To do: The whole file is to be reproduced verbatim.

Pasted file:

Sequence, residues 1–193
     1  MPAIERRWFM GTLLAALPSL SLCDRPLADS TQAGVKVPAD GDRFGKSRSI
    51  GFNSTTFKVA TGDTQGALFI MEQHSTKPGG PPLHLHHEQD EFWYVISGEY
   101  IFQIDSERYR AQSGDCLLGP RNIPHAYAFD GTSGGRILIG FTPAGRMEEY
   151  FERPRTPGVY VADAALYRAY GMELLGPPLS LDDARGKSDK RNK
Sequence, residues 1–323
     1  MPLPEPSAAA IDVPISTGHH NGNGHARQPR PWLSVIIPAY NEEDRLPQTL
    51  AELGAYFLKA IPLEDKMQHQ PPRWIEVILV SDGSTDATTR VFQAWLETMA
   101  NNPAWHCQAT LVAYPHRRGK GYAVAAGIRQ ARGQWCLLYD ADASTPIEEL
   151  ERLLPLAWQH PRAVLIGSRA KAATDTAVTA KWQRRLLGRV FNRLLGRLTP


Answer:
Sequence, residues 1–193
     1  MPAIERRWFM GTLLAALPSL SLCDRPLADS TQAGVKVPAD GDRFGKSRSI
    51  GFNSTTFKVA TGDTQGALFI MEQHSTKPGG PPLHLHHEQD EFWYVISGEY
   101  IFQIDSERYR AQSGDCLLGP RNIPHAYAFD GTSGGRILIG FTPAGRMEEY
   151  FERPRTPGVY VADAALYRAY GMELLGPPLS LDDARGKSDK RNK
Sequence, residues 1–323
     1  MPLPEPSAAA IDVPISTGHH NGNGHARQPR PWLSVIIPAY NEEDRLPQTL
    51  AELGAYFLKA IPLEDKMQHQ PPRWIEVILV SDGSTDATTR VFQAWLETMA
   101  NNPAWHCQAT LVAYPHRRGK GYAVAAGIRQ ARGQWCLLYD ADASTPIEEL
   151  ERLLPLAWQH PRAVLIGSRA KAATDTAVTA KWQRRLLGRV FNRLLGRLTP